A21(b) - Assessing the Policy Performance of Justin Trudeau’s Liberal Government: Retrospective, Prospective or Gyroscopic Mandate Assessments - Panel 4
Date: Jun 6 | Heure: 03:15pm to 04:45pm | Location: SWING 109
Chair/Président/Présidente : Lisa Birch (Université Laval)
Session Abstract: Democratic mandate theory has many variants models of representation varying from promissory, to anticipatory to gyroscopic or surrogate representation (Mansbridge, 2003). These theoretical models of representation have different implications for governing party behavior and for the ways in which citizens hold them accountable and make voting decisions. They also have different implications for how political parties construct their campaign platforms. The Trudeau government’s decision to hire Michael Barber, to implement his "deliverology" model and to create the Mandate Letter Tracker suggests that the Trudeau government may prioritize promissory representation. Yet, over the course of a four-year period, unanticipated events forced issues onto the government’s agenda and led to decisions. The Trudeau polimeter tracks the 353 promises identified in the platform. As of early September 2018, 42% of promises are rated as kept, 39% as kept in part or in the works, 4 % as broken and 15% are not yet rated. However, in an era of permanent campaigns, political marketing, and new political governance, one may well question the very nature of election promises. Some promises may target specific market segments and others may be more or less salient to citizens. Which model of representation best accounts for the actions of the Trudeau government since it came to power in October 2015? What role, if any, did deliverology play? Does it matter which promises are kept and which promises are broken? We propose 4 panels, linked to a collective book to be published in both official languages.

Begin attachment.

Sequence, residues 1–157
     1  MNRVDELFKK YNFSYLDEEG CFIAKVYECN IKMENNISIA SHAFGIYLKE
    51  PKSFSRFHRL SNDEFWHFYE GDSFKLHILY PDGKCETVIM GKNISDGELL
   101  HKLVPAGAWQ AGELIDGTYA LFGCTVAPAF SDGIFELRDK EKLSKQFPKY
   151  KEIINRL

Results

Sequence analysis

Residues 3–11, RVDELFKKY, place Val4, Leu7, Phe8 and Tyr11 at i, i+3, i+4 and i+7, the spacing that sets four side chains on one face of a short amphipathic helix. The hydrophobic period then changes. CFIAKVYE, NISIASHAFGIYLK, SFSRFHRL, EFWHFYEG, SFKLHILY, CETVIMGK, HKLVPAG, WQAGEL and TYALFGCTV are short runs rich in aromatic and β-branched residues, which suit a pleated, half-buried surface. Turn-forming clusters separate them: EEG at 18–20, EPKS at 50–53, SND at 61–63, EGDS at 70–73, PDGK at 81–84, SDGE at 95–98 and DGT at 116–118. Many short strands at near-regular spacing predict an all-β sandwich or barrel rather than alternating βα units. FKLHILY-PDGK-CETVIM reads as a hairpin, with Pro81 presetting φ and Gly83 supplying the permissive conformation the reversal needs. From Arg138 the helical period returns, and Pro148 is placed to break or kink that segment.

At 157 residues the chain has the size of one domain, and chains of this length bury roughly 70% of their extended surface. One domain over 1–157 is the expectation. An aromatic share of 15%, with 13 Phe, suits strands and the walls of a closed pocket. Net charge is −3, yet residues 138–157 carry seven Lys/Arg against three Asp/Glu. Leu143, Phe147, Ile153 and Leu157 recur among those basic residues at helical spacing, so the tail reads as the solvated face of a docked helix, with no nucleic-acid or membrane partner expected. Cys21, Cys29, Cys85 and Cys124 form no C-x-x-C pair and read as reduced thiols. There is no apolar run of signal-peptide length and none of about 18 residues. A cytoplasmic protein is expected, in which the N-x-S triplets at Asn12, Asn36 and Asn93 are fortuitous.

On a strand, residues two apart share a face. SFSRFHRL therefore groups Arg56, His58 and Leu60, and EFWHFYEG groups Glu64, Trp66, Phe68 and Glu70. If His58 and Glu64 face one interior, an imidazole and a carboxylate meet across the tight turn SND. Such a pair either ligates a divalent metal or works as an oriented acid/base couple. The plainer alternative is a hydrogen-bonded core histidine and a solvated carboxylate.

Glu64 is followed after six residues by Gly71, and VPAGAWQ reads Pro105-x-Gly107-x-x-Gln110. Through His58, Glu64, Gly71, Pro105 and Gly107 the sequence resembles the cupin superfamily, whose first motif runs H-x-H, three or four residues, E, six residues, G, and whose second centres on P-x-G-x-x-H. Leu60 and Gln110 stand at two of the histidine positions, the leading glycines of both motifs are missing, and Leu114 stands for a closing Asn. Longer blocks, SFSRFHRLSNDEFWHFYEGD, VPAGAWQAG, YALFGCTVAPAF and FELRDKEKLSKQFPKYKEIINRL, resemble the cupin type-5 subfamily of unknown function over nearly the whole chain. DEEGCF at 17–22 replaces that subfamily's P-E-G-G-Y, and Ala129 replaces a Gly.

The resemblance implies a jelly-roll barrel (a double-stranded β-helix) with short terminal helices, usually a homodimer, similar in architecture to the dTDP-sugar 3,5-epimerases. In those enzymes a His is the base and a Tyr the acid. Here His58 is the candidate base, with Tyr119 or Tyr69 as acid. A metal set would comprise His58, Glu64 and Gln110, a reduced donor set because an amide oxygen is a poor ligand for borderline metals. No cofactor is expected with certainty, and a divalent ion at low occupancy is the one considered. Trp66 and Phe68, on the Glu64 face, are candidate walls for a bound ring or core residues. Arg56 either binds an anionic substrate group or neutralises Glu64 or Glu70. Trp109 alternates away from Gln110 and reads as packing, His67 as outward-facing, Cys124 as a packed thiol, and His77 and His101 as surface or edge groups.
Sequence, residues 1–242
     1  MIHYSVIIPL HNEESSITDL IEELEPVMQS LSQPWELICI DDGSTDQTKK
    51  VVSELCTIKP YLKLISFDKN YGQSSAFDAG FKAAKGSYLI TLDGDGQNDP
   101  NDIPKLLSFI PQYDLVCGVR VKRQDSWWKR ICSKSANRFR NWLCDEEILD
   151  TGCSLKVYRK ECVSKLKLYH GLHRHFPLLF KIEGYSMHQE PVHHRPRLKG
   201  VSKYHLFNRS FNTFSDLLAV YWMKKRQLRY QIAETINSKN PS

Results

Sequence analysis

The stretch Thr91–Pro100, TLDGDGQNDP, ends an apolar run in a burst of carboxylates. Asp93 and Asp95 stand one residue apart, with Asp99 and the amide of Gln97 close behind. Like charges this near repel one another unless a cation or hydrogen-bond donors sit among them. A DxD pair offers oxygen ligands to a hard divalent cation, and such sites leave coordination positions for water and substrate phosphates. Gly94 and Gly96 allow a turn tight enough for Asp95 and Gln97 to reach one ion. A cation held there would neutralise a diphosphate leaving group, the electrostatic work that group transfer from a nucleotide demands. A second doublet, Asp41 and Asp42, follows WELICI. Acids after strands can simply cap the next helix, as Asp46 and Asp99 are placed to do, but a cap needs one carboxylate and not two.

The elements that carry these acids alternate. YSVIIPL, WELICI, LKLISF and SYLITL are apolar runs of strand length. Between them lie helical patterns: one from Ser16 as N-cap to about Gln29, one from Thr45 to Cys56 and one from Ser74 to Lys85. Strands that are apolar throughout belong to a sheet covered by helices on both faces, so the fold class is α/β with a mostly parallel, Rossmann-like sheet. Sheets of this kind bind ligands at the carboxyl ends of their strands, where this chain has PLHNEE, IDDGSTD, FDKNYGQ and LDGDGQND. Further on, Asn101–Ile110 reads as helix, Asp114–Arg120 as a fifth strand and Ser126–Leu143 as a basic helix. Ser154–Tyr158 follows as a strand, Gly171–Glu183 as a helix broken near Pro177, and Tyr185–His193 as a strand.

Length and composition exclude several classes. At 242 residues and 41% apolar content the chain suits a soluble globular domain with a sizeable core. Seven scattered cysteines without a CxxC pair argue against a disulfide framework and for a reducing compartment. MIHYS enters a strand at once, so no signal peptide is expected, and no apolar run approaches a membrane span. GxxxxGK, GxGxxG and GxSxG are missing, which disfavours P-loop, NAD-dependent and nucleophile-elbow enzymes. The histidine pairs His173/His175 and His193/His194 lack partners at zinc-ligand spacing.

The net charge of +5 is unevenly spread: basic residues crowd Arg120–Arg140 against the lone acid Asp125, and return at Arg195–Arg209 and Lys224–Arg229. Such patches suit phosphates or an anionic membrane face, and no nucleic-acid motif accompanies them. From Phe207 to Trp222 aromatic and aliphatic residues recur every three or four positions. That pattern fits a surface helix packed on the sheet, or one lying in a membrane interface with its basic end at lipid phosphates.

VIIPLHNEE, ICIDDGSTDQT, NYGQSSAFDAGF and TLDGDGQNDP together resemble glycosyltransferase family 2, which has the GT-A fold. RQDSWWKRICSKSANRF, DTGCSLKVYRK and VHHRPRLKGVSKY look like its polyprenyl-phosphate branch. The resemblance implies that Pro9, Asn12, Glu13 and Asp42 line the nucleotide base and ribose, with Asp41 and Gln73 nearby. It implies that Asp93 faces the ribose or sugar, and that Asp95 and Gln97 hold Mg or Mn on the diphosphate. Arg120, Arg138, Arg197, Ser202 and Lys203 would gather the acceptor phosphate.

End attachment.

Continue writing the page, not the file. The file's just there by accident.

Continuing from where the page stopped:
The Trudeau Government’s Legislative Agenda: Between promises and a mandate for change: Lisa Birch (Université Laval), Steve Jacob (Université Laval)
Abstract: The fact that Justin Trudeau's government has kept most of its campaign promises appears to support the traditional model of democratic accountability known as “promissory representation,” whereby citizens vote based on what the parties promise they will do if elected and then hold the government accountable to keeping its election promises. However, since many important decisions by the Trudeau government have not been announced by election promises, we cannot talk exclusively about “promissory representation”. We are more in a situation of “anticipatory representation” whereby citizens hold government accountable by assessing the quality of representation and deliberation in policymaking during a term of office.
Equality, Diversity and Inclusion : Between Real Change and Branding?: Karen Bird (McMaster University)
Abstract: This paper assesses the policy performance of the Trudeau government on gender equality, diversity and inclusion. It finds a remarkable record of both promise fulfilment and action that transcends the party’s campaign platform. Some of this is the result of external events and forces that could not have been predicted during the 2015 campaign. But it also appears that the diverse composition of Trudeau’s cabinet had substantive impact on the expansion of this legislative agenda.
Indigenous Reconciliation: Thierry Rodon (Université Laval), Martin Papillon (Université de Montréal)
Abstract: This chapter examines to what extent the Trudeau government has delivered on its campaign promises to improve the fate of Indigenous communities and to further Indigenous Reconciliation. It also examines the extent to which the Liberal government has implemented the Calls to Action of The Truth and Reconsiliation Commission that fall under federal jurisdiction.